2. Use your preferred text editor to modify the nginx config file to match the location and name of your SSL files (lines 25 and 26). Note that I also enabled access and error logging on lines 12 and 14.
Screenshot of the Nginx config file with lines 12 and 25-26 highlighted
Modify the Nginx config file for location and name and enabling access and error logging
  1. And further down, change the two indicated lines (lines 151 and 153) to match what you see there since we are not using Nginx Plus but Nginx Open Source.
Screenshot of Lines 151 ad 153 highlighted in the Nginx config file
Lines 151 and 153 in the Nginx config file
  1. The blog calls for starting nginx and pointing it to the custom config file using the following command, but we won’t do that because on the next reboot, nginx would just go back to using its default config file instead of the custom one and your DMZ setup would break.
sudo nginx -c /home/ubuntu/lb/fms_LB_HTTPS.user.conf

(-c tells nginx to use a non-default configuration file)

  1. Find out where the default nginx config file is by running this command:
sudo nginx -t
Photo of running the the sudo nginx -t command to find the where the default nginx config file is
Running command to find where the default nginx config file is located
  1. Using your favorite text editor, replace the contents of the default config file with the following:

include /home/ubuntu/lb/fms_LB_HTTPS.user.conf;

Photo of replacing the contents of the default config file with content provided in the post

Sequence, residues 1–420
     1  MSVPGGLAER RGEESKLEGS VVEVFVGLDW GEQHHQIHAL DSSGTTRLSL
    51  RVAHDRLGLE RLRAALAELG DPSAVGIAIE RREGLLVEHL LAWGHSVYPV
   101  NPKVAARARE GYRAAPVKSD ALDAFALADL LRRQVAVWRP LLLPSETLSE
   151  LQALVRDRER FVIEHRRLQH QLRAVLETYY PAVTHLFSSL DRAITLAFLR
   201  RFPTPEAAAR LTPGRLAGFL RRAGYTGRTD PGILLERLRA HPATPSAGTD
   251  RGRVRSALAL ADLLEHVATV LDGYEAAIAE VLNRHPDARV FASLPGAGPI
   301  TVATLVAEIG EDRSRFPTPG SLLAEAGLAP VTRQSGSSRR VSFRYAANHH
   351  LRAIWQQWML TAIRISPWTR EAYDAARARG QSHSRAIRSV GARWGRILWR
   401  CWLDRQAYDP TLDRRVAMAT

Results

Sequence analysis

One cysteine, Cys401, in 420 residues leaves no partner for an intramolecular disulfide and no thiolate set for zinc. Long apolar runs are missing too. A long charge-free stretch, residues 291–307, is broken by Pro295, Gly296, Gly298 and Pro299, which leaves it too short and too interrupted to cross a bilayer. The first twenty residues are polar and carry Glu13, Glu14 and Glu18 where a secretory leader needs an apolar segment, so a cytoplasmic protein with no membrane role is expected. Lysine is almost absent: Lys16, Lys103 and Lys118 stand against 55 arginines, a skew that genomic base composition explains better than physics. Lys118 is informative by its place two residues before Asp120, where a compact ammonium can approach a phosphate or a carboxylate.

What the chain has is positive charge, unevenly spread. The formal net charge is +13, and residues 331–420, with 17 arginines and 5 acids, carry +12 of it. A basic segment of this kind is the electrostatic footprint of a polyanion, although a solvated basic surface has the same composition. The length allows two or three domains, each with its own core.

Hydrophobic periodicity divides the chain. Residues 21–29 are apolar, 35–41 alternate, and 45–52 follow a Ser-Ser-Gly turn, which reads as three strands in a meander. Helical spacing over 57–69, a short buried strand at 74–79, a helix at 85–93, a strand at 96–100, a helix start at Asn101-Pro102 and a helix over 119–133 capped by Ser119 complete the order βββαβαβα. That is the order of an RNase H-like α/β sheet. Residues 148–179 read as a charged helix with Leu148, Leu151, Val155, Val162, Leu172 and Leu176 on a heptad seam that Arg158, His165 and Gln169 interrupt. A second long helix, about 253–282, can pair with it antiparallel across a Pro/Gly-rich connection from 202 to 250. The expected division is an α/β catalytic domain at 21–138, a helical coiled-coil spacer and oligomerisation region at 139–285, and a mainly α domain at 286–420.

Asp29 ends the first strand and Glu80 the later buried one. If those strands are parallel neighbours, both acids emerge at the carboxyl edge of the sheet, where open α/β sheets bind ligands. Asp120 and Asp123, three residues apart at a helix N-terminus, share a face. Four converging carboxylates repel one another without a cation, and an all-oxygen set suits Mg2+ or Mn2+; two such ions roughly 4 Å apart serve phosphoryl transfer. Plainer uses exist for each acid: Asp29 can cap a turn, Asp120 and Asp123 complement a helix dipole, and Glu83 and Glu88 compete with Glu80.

Replacing contents of the default config file
  1. Run this command again to make sure that nginx is ok with the configuration:
sudo nginx -t
  1. Start nginx
sudo systemctl start nginx

In your browser, you can now use your DMZ server to log into WebDirect:

Photo of using the DMZ server to log into WebDirect
Logging into WebDirect using your DMZ server

In our setup, both and are behind a stateful firewall that only accepts incoming traffic from Our FileMaker deployment is isolated from the world, but WebDirect is publicly accessible.

If you inspect the Nginx configuration, you’ll note that it also allows traffic on the admin console. If you do not want that, you can use the new Admin Console setting in 19.6 to restrict access to only certain IP addresses. Or you can remove the reverse proxy rule for the admin console altogether from the Nginx configuration.

Next Steps in WebDirect

WebDirect continues to evolve and can take your FileMaker application to the next step. If you have any questions about how to get started or your existing solution’s performance, our team can help. Contact us to get started.

5 thoughts on “How to Secure Access to your WebDirect Solution Through a DMZ Setup”

  1. Very nice breakdown of what could be (is!) a complex setup!

    Do you know if this configuration would also support using MS OAuth to log into the databases? I my attempts to use a worker in a DMZ we will still had to open up access to the main server for OAuth to work – which subverts the DMZ!

    1. It can definitely be made to work. The basis for it is in this blog post:
      We will soon have a “Part 2” that describes how to kick off this process from a different web site. It still requires some HTML/JS to be deployed on the main FMS machine but since the communication is from a known source you can whitelist access so that your FMS is only available from whatever known source you have. It’s a couple of extra hoops but I don’t see why it wouldn’t work.

  2. DeWitte Wilson

    Hi Wim. You say “After installation, leave the Web Publishing engine disabled (do not enable the web publishing engine or WebDirect)” – what if I already have a DB and a Worker up and running, will I be able to install an NGINX server and make these changes, or will I have some unknown issues because I’ve already had the system up and running?

    1. Since this feature requires turning off the normal WebDirect main/worker load-balancing you’ll have to redo your configuration, disconnecting the worker first.